NM: We’ve very similar. We lucked out in that we had the same issues as both Michael and Daniel have mentioned in terms of shortage of hardware. I think I found one supplier that could supply me with laptops, but it was on a five week lead time; and when I was shutting the business down in three days that was not good. We were actually in the middle of an infrastructure change when COVID hit the UK; a data center change, VPN service change, network change. We were right in the last six weeks of that before the lockdown. Very much as Michael has mentioned, the biggest challenge we have was around users. We did some videos as well, some video voiceovers and our biggest implementation was bringing forward multifactor authentication. We had a user compromised that we luckily caught within five minutes of the compromise. So there was no risk to the business. There was no leakage of data. We caught it very quickly and shut that account down. The hardest bit was getting the users to read the instructions on how to set it up once they’re up and running. We had a partner who worked with us very well and really understood what we were trying to achieve. That was a big bonus that ensured we were secure during the whole change of moving terabytes of data between data centers in the middle of this pandemic.
It was having a really good partner who understood our business and our organization. Then again, having the backing of the executive coordinator to put in the extra layer of security. Again, as Michael said, there wasn’t a long conversation around the implementation. Often it was “Yep. We need this, let’s get it done. And let’s get it done efficiently.”.
DB: I think we were quite lucky. We already had the bulk of our services in the cloud. We’d already implemented multifactor for a number of years, but we had multifactor only enabled, we only allowed certain people to access services out with our opposites. And then all of a sudden it’s that bulk enrollments of users into MFAs, the infrastructure was all there, but that pain of actually getting the users to follow the instructions was challenging. You also have the personal information piece around that.
We don’t have company mobile phones out without people saying, “You need to put your mobile phone number in here, but I don’t want you to have my mobile phone numbers.”. It’s not for anything other than helping you secure your account. I’m getting that piece, which was quite challenging, but COVID became quite a good stick to beat people with around a lot of IT projects. Things like the migration of documents to SharePoint and user adoption within MS Teams, things like that. These are all technologies we already had, but we weren’t using them anywhere near enough. We used this as an excuse to rapidly do it and that works in our favor, I think.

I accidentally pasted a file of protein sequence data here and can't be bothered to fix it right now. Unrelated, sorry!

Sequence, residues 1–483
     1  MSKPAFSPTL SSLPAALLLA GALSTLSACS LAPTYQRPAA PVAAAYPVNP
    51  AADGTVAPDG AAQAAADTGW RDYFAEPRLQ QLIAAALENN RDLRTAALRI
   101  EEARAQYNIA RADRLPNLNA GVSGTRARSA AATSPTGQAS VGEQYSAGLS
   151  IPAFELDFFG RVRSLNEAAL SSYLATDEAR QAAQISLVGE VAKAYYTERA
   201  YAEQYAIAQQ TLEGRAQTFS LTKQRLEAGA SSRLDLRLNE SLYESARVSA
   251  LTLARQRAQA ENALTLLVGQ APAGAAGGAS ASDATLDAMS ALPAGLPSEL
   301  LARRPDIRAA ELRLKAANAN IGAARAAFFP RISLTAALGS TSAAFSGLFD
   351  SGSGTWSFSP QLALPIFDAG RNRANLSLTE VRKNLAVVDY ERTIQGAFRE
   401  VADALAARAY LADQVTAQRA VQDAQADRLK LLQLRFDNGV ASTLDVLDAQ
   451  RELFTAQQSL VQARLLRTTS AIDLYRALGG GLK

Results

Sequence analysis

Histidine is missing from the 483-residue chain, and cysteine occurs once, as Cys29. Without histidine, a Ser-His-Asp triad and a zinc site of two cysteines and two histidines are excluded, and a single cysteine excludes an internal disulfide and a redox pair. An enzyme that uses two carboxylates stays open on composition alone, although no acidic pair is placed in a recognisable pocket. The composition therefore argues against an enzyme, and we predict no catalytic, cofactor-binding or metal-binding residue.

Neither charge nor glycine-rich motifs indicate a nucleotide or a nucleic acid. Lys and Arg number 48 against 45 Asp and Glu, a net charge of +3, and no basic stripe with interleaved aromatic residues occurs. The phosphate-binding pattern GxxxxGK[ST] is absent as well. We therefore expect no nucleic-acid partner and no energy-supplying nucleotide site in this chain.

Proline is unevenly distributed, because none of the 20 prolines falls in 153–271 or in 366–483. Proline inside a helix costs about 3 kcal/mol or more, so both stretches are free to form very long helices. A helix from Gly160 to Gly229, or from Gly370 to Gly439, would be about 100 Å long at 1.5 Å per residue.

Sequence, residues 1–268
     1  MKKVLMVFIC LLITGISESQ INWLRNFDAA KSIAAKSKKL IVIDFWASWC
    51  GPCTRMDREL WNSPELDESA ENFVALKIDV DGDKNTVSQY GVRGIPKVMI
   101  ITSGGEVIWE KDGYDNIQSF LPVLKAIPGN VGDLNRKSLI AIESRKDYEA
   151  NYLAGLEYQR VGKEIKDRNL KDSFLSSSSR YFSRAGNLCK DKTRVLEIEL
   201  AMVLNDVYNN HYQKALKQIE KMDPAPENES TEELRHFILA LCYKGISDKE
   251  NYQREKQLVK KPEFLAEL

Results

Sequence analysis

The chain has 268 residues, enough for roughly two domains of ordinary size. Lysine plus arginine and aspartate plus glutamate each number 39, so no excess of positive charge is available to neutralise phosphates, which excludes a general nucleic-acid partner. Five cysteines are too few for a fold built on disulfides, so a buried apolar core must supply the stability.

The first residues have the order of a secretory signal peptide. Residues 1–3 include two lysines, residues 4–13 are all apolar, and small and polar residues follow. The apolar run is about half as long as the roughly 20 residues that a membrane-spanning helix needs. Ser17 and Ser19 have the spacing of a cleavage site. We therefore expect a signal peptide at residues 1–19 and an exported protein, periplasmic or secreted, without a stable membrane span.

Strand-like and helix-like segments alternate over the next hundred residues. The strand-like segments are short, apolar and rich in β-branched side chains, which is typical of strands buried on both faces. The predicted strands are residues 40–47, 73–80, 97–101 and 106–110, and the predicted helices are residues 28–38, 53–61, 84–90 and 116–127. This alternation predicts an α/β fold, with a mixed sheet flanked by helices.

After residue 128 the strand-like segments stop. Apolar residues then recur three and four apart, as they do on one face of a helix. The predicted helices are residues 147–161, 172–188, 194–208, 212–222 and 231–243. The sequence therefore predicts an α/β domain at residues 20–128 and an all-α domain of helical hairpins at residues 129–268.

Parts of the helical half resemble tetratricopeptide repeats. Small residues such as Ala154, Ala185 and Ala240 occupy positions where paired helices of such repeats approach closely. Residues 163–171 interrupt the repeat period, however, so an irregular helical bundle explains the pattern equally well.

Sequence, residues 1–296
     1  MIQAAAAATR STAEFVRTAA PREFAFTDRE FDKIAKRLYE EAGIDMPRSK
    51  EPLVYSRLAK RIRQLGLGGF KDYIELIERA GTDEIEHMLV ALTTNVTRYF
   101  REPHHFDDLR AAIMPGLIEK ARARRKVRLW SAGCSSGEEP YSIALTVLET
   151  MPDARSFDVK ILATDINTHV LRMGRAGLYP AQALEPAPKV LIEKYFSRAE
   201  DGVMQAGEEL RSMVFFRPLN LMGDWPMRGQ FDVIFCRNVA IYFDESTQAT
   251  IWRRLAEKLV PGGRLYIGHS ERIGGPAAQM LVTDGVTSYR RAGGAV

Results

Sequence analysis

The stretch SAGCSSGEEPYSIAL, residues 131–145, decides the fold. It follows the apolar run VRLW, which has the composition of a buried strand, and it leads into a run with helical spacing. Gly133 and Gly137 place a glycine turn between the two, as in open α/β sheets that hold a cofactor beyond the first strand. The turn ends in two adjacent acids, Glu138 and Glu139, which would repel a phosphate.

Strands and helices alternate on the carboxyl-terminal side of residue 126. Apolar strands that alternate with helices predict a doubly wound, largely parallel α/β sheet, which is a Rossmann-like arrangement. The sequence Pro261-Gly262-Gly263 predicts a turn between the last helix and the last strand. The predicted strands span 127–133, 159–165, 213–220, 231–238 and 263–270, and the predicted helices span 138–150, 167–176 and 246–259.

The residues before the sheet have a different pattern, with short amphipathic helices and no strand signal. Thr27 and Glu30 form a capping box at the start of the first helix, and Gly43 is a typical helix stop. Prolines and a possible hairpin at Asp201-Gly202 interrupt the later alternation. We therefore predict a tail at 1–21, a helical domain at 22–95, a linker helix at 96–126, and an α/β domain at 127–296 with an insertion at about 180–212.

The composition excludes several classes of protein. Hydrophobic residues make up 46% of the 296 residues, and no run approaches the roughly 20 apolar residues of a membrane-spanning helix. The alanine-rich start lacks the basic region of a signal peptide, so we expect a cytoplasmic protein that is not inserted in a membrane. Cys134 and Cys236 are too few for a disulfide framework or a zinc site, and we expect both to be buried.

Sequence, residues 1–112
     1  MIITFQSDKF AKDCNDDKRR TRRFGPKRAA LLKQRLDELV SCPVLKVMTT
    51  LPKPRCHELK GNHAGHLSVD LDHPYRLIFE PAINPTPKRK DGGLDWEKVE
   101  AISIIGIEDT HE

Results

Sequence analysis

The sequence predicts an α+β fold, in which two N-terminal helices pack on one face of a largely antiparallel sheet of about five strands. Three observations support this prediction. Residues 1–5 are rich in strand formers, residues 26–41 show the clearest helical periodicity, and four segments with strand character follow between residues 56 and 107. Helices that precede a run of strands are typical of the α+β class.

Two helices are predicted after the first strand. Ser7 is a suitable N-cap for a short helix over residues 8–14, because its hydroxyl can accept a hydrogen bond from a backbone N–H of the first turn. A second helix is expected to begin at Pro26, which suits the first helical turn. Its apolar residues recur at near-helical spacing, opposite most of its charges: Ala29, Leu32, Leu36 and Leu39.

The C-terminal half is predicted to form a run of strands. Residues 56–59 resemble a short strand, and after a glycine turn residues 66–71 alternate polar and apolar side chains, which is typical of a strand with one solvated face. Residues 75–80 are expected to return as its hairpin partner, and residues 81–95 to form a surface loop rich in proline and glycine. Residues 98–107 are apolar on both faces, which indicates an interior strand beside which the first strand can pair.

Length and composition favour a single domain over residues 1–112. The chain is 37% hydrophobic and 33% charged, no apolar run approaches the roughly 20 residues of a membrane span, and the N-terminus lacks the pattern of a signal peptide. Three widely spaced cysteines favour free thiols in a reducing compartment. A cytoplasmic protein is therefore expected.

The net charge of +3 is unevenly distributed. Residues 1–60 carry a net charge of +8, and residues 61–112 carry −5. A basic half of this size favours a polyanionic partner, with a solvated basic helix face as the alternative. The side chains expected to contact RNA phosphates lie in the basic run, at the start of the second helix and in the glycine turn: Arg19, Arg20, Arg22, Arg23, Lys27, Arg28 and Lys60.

LB: You all talked about your entire organization working from home and discounts, along with a variety of challenges. It will be interesting for me and for us, to understand if it was the pandemic that caused your organization to use more collaboration tools, such as OneDrive, MS Teams, Zoom and others? And if so, how do you ensure that your enterprise collaboration platforms are actually protected?
DB: I said before, I think we were already using a lot of these technologies and they were already in place, but underutilized and getting the user adoption piece up and running was key for that. We haven’t invested in any new technology and we’re not doing anything that we couldn’t do before. We’re just doing more of it. Having people dialing in from BYOD devices onto legacy shared drives was a security challenge. But if we thought moving these things into OneDrive, they become a bit more secure, especially because that’s being protected by BitDam.
So we’ve got that protection there at the service side, as well as on the client side and that has made me sleep easier at night.
NM: I think we’re in a similar position where we’ve been obviously O365 since we launched in 2016, but I think outside of the IT Department, probably Skype for business was the only there any collaboration tool and that was used by maybe a seventh of the organization. We’d been pushing MS Teams and making the information available saying it’s really useful. There was a little bit, we were just starting to gain traction. Then suddenly we made a business decision where our business is spread between two areas, the Birmingham and Manchester market areas in the UK. Before lockdown, we took a decision to reduce traveling. So one of the first meetings we converted to online, was we’re meeting with our senior management and our general managers who run each facility. We ran it through MS Teams and instead of it being an all day 9 to 6 meeting with traveling too. We had the entire agenda covered by 3pm and people saying, “This is fantastic. Why haven’t we done this before?’. So I think from the IT Department point of view, it’s a feather in our cap. As Daniel has said, we have our OneDrive, email, our MS Teams all protected by BitDam.